Key decisions due at end of March for Shell
A key federal decision is shaping up for Shell at the end of this month.
The U.S. Bureau of Ocean Energy Management, or BOEM, expects to issue a final decision by March 31 on a revised environmental impact statement of the Chukchi Sea 2008 Outer Continental Shelf lease sale that has been contested in court by environmental groups, the director of the agency said March 13.
Abigail Hopper, director of the BOEM, said a Record of Decision on a revised supplemental environmental impact statement, or SEIS, is to be issued.
That will enable the agency to begin its formal review of a plan submitted by Shell for 2015 summer exploration in the Chukchi Sea, she said.
Hopper also said Shell will likely not have to submit a revised oil spill containment and cleanup plan developed in 2012 and approved by the BOEM. That plan was reviewed and approved again in 2014, she said.
“However, we are reviewing it again to see if any changes might be needed,” she said.
Although a decision in late March puts Shell on a tight timetable, the company hopes to get its drill fleet to the Arctic in time for the open-water drill season.
“We are planning to drill in Alaska in 2015,dependent of course on successful permitting, clearing any legal obstacles and our own determination that we are prepared to explore safely and successfully,” Shell spokeswoman Meg Baldino said. “We look forward to a ROD (record of decision).”
Shell plans to bring two drill vessels, a drillship and a semi-submersible drilling vessel, to the Chukchi Sea this summer along with a flotilla of support vessels.
In a related development, Brian Salerno, director of the U.S. Bureau of Safety and Environmental Enforcement, or BSEE, said his agency is still in a public review period for proposed special Arctic OCS drilling rules, but the rule is expected to be finalized and published in final form soon.
Salerno joined Hopper in a meeting with Alaska reporters March 13 after spending a week in Alaska meeting with state and local officials, and interested groups, on the new Arctic rule. The public comment period for the rule, now in draft form, closes April 27.
Shell drilled two partially-complete Arctic exploration wells in 2012, one in the Chukchi Sea and one in the Beaufort Sea, but did not return to the Arctic in 2013 and 2014 after being blocked by federal court order. That was over a lawsuit brought by environmental groups who contested the estimated probable size of a discovery in the Chukchi Sea in the environmental impact statement prepared for the lease sale in 2008.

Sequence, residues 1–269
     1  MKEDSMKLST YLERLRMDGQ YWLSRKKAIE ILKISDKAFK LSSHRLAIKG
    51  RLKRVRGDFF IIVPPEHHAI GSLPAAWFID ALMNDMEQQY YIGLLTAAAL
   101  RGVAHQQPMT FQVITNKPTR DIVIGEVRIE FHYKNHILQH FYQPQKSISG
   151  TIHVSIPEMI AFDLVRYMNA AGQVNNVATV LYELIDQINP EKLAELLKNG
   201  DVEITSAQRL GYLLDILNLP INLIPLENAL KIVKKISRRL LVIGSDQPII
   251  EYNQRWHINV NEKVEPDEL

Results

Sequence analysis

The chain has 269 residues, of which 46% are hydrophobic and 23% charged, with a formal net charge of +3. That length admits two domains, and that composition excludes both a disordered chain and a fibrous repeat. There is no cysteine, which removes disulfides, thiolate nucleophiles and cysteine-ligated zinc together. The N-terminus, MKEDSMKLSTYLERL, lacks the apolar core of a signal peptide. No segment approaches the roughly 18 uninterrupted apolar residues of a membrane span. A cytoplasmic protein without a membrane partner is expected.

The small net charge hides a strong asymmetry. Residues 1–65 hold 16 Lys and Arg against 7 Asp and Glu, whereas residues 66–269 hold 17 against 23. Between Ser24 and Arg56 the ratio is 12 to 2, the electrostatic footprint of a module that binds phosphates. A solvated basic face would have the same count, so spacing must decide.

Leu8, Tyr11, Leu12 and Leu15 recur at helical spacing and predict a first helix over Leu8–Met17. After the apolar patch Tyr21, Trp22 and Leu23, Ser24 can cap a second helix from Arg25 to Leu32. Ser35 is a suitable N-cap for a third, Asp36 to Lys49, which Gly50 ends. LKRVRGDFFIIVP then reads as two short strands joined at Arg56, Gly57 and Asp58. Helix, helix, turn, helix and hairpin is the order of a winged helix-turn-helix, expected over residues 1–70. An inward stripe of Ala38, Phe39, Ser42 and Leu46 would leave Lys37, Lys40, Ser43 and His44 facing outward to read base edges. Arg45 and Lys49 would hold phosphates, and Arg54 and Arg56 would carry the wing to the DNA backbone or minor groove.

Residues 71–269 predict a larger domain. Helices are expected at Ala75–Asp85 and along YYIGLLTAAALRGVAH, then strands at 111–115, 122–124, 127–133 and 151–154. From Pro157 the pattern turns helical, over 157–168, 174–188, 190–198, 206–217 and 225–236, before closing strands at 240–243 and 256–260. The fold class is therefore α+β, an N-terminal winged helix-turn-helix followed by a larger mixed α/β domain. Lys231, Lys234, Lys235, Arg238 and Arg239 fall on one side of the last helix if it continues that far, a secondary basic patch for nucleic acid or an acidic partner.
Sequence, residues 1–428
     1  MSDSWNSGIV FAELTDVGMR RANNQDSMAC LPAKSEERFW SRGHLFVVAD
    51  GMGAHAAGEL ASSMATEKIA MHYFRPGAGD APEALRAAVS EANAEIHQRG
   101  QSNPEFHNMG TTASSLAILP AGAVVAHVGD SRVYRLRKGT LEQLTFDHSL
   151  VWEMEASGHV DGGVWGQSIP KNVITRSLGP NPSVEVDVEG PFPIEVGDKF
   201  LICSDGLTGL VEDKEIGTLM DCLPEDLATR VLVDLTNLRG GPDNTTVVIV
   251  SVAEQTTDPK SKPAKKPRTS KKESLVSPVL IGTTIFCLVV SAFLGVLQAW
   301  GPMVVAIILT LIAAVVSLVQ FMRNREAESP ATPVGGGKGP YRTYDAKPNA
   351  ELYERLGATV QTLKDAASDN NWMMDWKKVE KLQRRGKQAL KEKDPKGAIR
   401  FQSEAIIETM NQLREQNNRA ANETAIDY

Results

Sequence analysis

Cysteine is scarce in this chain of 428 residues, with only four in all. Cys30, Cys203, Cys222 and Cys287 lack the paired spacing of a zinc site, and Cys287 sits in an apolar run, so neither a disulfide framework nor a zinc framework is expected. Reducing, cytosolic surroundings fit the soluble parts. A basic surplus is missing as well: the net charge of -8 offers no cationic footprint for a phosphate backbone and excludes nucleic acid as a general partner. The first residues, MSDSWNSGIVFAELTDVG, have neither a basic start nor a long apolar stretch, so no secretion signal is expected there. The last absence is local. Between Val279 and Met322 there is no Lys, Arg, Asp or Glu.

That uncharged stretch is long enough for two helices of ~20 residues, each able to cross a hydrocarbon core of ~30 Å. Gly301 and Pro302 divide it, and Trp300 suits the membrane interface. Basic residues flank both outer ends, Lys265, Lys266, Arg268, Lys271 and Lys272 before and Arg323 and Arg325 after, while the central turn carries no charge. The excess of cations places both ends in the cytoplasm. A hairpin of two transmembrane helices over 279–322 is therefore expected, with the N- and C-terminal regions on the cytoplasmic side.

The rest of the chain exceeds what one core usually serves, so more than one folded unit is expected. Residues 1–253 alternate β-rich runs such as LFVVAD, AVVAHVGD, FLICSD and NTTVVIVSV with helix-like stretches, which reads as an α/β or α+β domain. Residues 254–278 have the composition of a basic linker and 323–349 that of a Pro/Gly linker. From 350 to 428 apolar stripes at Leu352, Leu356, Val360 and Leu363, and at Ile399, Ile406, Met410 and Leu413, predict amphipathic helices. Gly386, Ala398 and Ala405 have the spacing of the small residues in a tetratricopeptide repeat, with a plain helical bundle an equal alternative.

U.S. District Court Judge Ralph Beistline ordered the BOEM to reconsider the estimate, which was that 1 billion barrels might be discovered. The agency initiated a supplemental EIS, revising the estimate upward. That process will conclude with the issuing of the ROD on March 31.
Salerno and Hopper said the proposed Arctic drilling rule mainly puts into regulations provisions Shell had agreed to in 2012 as conditions to its permits, such as having a stand-by rig in the region to assist in a Deepwater-Horizon-type emergency, and having an undersea well blowout capping system and oil retrieval and storage facility on hand.
“There are a lot of similarities in the draft rule compared with the 2012 permit requirements but the difference is that these are now being codified so they apply to all operators, not just Shell,” he said.
“The existing drilling rules apply to the OCS anywhere, but we now recognized that conditions in the Arctic are far different than the Gulf of Mexico. This rule says you bring what you need with you,” such as a backup drill rig for a relief well.
However, the rule doesn’t mean the backup rig can’t also be drilling another well, which Shell plans to do in 2015, or that a rig working for one operator can’t be considered the backup rig for another company in an emergency, Salerno said.
One difference is that Arctic operators will have to submit “holistic” operations plans that include not just drilling but all elements, including transportation, from the start of the project to the completion. One of the most important “lessons learned” from Shell’s 2012 experience was that Shell had no integrated plan, he said.
A post-season review by the U.S. Department of the Interior on Shell’s 2012 drilling season, “showed that not all elements of the operations were synchronized. The need for better coordination, such as between the company and contractors, was one of the lessons learned in 2012,” Salerno said.
That may have contributed to management decisions leading to the loss of the Kulluk drill ship when it lost its tow and ran aground off Kodiak Island in a Gulf of Alaska storm in late 2012, he said.
Hopper said the integrated operations plan is not something that will have to be approved by the BOEM but having one will be required. “It will allow the company to receive feedback at an early stage,” if potential problems are seen, she said.
Salerno said the Arctic drilling rule will not be overly “prescriptive,” meaning that it not specify in detail the equipment to be used.
“We will specify that specific types of equipment are needed,” such as spill capping and containment systems, he said.
There will still be flexibility to propose new solutions and technology.
“We don’t want to shut the door on innovation. We want to be open to it,” he said.
However, the agency will want to be involved in monitoring when new technologies are tested, Salerno said.